Over the last few years people have been telling me why being a vegan is wrong. Here are some of the most common arguments I hear.
“You won’t get enough protein”
Most people eating a normal amount of food get enough protein – it’s just that the meat and dairy industries have been very effective in making us believe we need more than we actually do. Nuts, lentils, beans, chickpeas, peas, quinoa, soya, kale, broccoli, mushrooms – all great sources of plant protein.
“We’re supposed to eat meat”
Our physiological characteristics resemble those of herbivores more than carnivores. Early in our evolution we were somewhere in the middle of the food chain – eating mainly foods we could gather and scavenging the remains of dead animals after other more powerful animals had taken their fill. Our teeth, hands and digestive organs indicate that we are designed to eat mostly plants.
“Think of all those poor farm animals who wouldn’t be born if we didn’t eat meat”
Yes, I really have heard this one. Given the choice between being born a factory farmed chicken, pig or dairy cow and not being born I know what I’d choose.
A short, unnatural life of constraint, pain and fear is not a life – it’s a sentence.
“Vegans eat soya and growing soya is bad for the environment”
Yes, some vegans eat some soya. But the vast majority of soya – for which vast tracts of rainforest have been and still are being cleared – is grown for feeding to farm animals – and thus ultimately for meat and dairy.
“You can’t grow enough plants to feed everyone in the world”
It takes between 3 and 10kg of plant protein to grow 1kg of animal protein. Do the maths!
“You can always eat ethical meat”
Sounds good, but what is ethical meat exactly? Is it where the animals don’t suffer? Or where meat production doesn’t produce toxic waste or use excessive amounts of water? Yes, some of the smaller meat producing farms are better than the majority, but I’ve yet to come across a satisfactory definition of ethical meat. And meat that is described as ethical comes with a price tag that means it is out of reach for most people.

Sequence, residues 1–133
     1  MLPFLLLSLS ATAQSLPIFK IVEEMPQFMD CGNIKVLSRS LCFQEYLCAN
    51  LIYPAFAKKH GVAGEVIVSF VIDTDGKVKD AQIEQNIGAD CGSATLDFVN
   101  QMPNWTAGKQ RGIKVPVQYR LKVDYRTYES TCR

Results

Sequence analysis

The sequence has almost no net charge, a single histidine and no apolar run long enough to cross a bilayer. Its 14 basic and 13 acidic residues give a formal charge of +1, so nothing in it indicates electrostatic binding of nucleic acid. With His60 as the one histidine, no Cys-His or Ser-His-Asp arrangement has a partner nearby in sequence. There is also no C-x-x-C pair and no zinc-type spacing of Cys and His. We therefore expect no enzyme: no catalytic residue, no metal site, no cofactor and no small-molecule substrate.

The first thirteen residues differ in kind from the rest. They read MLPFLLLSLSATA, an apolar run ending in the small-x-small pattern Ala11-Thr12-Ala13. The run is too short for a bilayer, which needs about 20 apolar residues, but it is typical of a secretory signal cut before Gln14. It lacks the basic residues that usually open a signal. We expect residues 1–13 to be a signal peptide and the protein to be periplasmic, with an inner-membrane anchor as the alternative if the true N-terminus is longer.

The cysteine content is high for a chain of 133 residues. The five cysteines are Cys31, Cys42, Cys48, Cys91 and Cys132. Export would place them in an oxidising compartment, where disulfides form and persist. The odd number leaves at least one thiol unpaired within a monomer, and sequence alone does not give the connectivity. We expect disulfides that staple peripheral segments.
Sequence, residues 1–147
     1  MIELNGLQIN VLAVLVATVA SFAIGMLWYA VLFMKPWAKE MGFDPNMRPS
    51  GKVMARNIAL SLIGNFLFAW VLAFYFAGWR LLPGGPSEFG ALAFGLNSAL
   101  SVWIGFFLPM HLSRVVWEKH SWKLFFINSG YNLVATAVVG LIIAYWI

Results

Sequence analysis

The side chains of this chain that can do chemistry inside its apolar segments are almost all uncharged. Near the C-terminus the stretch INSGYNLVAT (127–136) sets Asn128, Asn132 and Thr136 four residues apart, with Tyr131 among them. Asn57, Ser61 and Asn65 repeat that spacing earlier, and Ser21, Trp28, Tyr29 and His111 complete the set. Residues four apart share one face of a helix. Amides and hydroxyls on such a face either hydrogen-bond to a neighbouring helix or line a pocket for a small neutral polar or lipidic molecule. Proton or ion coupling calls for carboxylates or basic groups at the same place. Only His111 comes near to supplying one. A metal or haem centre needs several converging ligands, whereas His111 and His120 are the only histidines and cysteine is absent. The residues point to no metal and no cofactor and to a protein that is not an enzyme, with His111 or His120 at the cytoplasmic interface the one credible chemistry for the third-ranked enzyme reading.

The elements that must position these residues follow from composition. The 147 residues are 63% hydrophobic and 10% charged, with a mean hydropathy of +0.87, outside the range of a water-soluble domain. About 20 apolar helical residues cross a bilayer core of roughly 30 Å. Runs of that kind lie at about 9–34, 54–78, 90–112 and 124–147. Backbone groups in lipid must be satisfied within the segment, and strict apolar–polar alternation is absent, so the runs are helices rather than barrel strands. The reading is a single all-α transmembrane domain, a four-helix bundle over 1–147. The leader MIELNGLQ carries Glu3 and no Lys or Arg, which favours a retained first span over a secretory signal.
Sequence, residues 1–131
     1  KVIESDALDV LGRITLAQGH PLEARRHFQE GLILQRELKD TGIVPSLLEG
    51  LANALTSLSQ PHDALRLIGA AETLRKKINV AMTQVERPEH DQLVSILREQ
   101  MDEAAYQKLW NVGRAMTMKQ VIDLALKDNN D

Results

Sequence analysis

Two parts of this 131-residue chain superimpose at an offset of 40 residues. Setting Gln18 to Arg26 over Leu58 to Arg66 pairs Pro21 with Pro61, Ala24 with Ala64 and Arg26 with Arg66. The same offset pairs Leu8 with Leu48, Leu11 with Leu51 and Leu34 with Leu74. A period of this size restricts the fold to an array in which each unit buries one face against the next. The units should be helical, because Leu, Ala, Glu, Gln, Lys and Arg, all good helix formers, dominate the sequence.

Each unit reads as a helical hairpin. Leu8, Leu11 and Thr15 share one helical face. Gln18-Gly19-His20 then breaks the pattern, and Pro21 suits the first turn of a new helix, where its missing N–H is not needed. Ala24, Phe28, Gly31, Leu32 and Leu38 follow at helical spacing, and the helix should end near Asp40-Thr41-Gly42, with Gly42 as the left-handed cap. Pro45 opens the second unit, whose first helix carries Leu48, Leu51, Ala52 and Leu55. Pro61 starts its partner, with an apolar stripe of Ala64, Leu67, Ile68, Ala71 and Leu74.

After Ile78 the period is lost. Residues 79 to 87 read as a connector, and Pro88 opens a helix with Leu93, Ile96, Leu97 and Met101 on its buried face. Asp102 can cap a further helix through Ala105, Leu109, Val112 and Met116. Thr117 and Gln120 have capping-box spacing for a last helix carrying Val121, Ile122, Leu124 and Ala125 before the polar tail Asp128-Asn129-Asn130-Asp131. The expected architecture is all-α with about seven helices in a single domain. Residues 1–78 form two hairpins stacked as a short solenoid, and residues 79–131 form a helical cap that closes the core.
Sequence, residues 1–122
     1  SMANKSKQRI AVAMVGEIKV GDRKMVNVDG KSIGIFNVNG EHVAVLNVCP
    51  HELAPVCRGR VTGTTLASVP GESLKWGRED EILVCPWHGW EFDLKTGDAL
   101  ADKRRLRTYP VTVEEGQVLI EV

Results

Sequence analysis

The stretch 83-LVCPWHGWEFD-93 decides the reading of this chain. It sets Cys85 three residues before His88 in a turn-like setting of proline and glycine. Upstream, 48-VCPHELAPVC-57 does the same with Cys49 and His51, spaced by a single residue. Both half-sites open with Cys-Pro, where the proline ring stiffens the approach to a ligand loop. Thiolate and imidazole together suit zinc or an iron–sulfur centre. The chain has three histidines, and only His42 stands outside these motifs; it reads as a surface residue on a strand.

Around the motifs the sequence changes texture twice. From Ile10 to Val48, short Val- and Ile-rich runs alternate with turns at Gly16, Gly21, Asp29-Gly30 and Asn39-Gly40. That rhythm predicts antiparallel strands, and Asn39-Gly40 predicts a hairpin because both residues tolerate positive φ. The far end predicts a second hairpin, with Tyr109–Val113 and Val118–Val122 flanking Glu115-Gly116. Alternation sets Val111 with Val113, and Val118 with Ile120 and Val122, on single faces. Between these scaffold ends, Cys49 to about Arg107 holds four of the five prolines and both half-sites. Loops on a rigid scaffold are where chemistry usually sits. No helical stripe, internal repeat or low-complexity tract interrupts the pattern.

“Vegans are all pale and scrawny”
That’s a bit like saying that omnivores are all fat and flushed. Both can be true if they don’t eat sensibly on their respective diets. Like all diets, a vegan diet needs thought and planning to be healthy.
“Plants feel pain too”
This comment is usually made mischievously. There is evidence that plants react when cut or damaged but without a central nervous system that can’t equate to pain as we and animals know it. And as noted above it takes 3-10kg of plants to create 1kg of meat so ironically you’d save a lot of plants by eating more of them!
It can be if you’re always looking for a meaty or cheesy hit. There are lots of pricey meat and cheese substitutes on the market. They can be useful for those transitioning to a plant-based diet but they’re not essential to a balanced diet. In fact, omitting real meat and cheese will save a fortune in the long run!
“Vegan food tastes terrible”
Just like non-vegan food, it can do. But it can also be really, really delicious. It takes a little more planning and preparation but it’s well worth it. Or just order a take-away from Miller Green!
Being vegan suits me but it’s not for everyone and it’s unrealistic to think that we’re all going to give up meat and dairy. But if we all moved to a diet that’s at least 90-95% plant based and 5-10% animal based, we’d be a lot healthier, the earth would be a lot healthier and there’d be far less suffering for the farm animals.
Just a few thoughts for World Vegan Day.